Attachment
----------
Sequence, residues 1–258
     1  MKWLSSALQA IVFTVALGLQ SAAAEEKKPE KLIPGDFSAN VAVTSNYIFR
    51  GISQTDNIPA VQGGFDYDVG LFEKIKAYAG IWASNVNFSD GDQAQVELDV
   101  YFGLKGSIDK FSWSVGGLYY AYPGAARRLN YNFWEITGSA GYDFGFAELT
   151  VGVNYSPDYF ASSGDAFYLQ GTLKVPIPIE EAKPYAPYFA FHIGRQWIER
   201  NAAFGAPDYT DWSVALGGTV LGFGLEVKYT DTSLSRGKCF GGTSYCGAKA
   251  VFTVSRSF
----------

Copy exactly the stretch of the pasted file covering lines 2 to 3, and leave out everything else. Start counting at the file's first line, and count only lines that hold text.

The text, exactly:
     1  MKWLSSALQA IVFTVALGLQ SAAAEEKKPE KLIPGDFSAN VAVTSNYIFR
    51  GISQTDNIPA VQGGFDYDVG LFEKIKAYAG IWASNVNFSD GDQAQVELDV